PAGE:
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Black Sunday: The Storm That Gave Us the Dust Bowl

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It seemed like an ordinary day at first. Like any other day, folks on the Great Plains were struggling to get by. People walked to church, swept up from the dust storm that had blown through the week before, perhaps discussed the Congressional hearings that had brought the plight of the region, which had been ravaged by drought and the economic effects of the Great Depression, to the attention of the rest of the nation.

But Black Sunday—April 14, 1935—was no ordinary day. 

That afternoon, a gigantic cloud swept across the Great Plains. It was 1000 miles long and blew at speeds up to 100 miles per hour. It was made of 300,000 tons of dust whipped from the ground of northern farmlands, where poor soil conservation techniques had led to widespread erosion made worse by the unending drought.

Great Plains residents were used to dust, but they had never seen anything like this. One observer compared it to “the Red Sea closing in on the Israel children … it got so dark that you couldn’t see your hand before your face, you couldn’t see anybody in the room.”

“You couldn’t see the street lights,” recalled Jim Williams, who watched the storm from his home in Dodge City, Kansas. “It rolled over and over and over and over and over when it came in,” another witness remembered, “and it was coal black; it was coal black, and it was terrible that afternoon. It was hot and dry.”

Humans weren’t the only ones terrified by the storm. Birds fled ahead of the cloud. Confused by the dark, chickens started to go inside to roost. Cows ran in circles. 

Once the storm subsided, a simple spring day had become the worst day in recent memory. The “black blizzard” that swept across the plains states left a trail of devastation in its wake—leveled fields, crashed cars, reports of people who had been blinded or given pneumonia by the storm. Everything was covered in dust, which choked wells and killed cattle. “Black Sunday,” as the storm became known, was the death knell for the poor farmers of Oklahoma and Texas. Demoralized and impoverished, thousands of so-called “Okies” cut their losses and began the long migration to more favorable locations like California.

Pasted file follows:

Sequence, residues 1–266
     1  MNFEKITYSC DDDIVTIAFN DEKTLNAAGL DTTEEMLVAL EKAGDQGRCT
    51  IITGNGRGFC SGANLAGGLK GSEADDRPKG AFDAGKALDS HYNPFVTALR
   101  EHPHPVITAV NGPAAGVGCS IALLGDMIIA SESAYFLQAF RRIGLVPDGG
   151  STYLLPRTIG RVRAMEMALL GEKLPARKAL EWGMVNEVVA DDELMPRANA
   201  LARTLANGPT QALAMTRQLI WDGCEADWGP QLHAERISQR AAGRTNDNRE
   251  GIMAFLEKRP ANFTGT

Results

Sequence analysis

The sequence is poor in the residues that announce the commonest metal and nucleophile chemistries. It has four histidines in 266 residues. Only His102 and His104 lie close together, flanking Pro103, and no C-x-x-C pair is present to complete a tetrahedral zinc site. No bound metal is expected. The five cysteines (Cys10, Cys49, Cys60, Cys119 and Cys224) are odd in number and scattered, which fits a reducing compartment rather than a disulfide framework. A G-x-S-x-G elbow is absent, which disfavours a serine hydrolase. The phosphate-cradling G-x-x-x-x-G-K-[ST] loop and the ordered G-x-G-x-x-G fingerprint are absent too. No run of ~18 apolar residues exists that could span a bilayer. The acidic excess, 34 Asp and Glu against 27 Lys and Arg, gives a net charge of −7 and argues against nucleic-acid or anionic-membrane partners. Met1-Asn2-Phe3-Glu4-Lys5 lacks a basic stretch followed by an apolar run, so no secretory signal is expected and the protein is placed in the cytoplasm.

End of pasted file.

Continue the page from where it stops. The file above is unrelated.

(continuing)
In Boise City, Oklahoma, an Associated Press reporter named Robert E. Geiger had weathered the storm with photographer Harry G. Eisenhard. “Three little words achingly familiar on a Western farmer’s tongue,” he wrote after the storm, “rule life in the dust bowl of the continent—if it rains.” Some speculate that Geiger meant to say “dust belt,” a term he used to refer to the devastated region before and after Black Sunday.

Inadvertent or no, the term was picked up almost immediately. Geiger had given name to a phenomenon that would come to define the economic and social impacts of the Great Depression. But though Black Sunday and the Dust Bowl it helped name drew attention to the plight of the plains and turned soil conservation into a national priority, its effects were best summed up by a folk singer, not a reporter or politician. These are some of the lyrics to Woody Guthrie’s “Dust Storm Disaster,” which tells the story of the “deathlike black” cloud that enveloped America that day in 1935:

It covered up our fences, it covered up our barns,
It covered up our tractors in this wild and dusty storm.
We loaded our jalopies and piled our families in,
We rattled down that highway to never come back again.

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iStock // Ekaterina Minaeva
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Man Buys Two Metric Tons of LEGO Bricks; Sorts Them Via Machine Learning
May 21, 2017
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iStock // Ekaterina Minaeva